In 2018, Cyber Monday online sales hit a new record… and, for the first time ever, surpassed Black Friday sales. Fast forward a year and U.S. shoppers broke another eCommerce record by racking up $9.4 billion in online sales. And, yet again, Cyber Monday beat out Black Friday. At its peak, consumers spent $12 million per minute!
The last year has proven unequivocally that eCommerce is well on its way to being the king of shopping. So, what does that mean for your business? You better be prepared.
The Rise of Online Sales
eCommerce has been growing steadily over the last two decades. 2019 saw worldwide revenue coming in over $3.5 trillion. And by 2040, some predict that 95% of purchases will be facilitated by eCommerce. With those kinds of your numbers, in order to be successful, your business needs to be ready for the eCommerce wave.
You may be thinking, “But I’m a brick and mortar store. Why does eCommerce matter to me?”
It matters because 87% of all shoppers begin product searches on digital channels and 88% of consumers who do a local search on their phone then visit or call a store within a day. The shopping experience starts online. And if you don’t have a strong online presence or aren’t selling online, you’re falling behind your competitors.
Follow these 5 steps to get your business more into the eCommerce game.
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1. Decide Where You Fit
Selling online isn’t one size fits all, and eCommerce can take several forms. Your first step is determining where your business fits. Do you want to build an entire eCommerce store or simply complement in-store sales with eCommerce?
Here are common directions you can take:
- E-tailer – A retailer who has an eCommerce presence.
- E-commerce Company – A business that sells through the internet. Pure play eCommerce companies only sell online — not in store.
- Marketplace Seller – A company that sells on marketplaces like Amazon or eBay.
- A Limited Seller – A business or individual that uses a shopping cart for limited products/services but doesn’t qualify to be an eCommerce company. For example, a public speaker may sell their eBook on their website, but that doesn’t make them an eCommerce company.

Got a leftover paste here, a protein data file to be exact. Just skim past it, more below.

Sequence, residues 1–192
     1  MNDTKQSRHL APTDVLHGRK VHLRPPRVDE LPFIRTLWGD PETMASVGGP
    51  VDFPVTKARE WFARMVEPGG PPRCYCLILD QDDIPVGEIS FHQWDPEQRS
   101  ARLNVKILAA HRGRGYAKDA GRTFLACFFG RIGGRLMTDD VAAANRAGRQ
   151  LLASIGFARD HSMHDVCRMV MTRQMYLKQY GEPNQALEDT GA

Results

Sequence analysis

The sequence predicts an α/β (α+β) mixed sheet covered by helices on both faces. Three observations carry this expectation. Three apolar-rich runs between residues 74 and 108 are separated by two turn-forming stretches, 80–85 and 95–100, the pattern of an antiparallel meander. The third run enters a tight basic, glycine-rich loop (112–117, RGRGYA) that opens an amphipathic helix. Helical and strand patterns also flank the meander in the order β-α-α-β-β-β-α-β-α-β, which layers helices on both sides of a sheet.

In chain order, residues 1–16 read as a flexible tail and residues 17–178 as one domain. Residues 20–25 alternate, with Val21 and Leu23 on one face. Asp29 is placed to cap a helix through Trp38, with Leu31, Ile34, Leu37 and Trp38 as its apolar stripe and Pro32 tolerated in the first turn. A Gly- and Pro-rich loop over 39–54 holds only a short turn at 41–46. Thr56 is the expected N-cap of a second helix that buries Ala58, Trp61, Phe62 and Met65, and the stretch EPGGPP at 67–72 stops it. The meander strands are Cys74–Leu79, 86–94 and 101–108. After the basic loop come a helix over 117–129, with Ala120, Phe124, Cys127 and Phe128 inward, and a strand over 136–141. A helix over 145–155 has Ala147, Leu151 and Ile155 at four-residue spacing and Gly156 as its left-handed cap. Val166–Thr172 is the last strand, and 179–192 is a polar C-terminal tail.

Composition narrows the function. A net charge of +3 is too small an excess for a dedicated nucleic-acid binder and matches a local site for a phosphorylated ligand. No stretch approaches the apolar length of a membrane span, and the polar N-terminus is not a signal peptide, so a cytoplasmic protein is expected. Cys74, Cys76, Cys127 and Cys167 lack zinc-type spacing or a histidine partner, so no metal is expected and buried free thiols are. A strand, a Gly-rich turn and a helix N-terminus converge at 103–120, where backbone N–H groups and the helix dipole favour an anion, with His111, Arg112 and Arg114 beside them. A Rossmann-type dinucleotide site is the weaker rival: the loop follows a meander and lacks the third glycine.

2. Consider Marketplaces
If you don’t want to worry about taking credit card payments or managing your own store, consider selling products on a marketplace like Amazon or eBay. Many businesses sell on both their own site and marketplaces to reach more customers.
3. Invest in SEO
North America alone has about 1.3 million eCommerce companies (250,000 to 300,000 if you exclude marketplace sellers). So, just because you are selling online doesn’t mean customers will actually find you. In fact, 75% of online searchers never scroll past the first page of search results.
Making sure that your site is search engine optimized is one of the most crucial steps to eCommerce success. You can choose to do your eCommerce SEO yourself (and these six strategies can help you beat Amazon in the search results), or you can hire an SEO professional like Big Leap to do it for you. Either way, do not skip this important step, even if SEO may be the most hated marketing tactic.
4. Set Up Email Marketing and Automation
For eCommerce, email marketing is essential for driving conversions. Therefore, it’s important to set up your email marketing and automate it as much as possible.You can use things like coupons or discounts, thank you emails, and upsells to turn visitors into customers.
This means that you will also need to create an email list. You can start building your list with an opt-in freebie on your site, a social media campaign, or host a giveaway for all those who subscribe to your list. Our marketing automation specialists at Big Leap can help you get everything set up and running smoothly.
5. Market Your Store
Successful eCommerce businesses invest heavily in online marketing—either with funds or elbow grease. Decide what digital marketing for eCommerce you will use, paid or organic (see this article on which is better). You can also use this list of places to promote your product online. And if creating an eCommerce marketing strategy seems overwhelming, you may want to consider getting some help from a professional eCommerce marketing agency.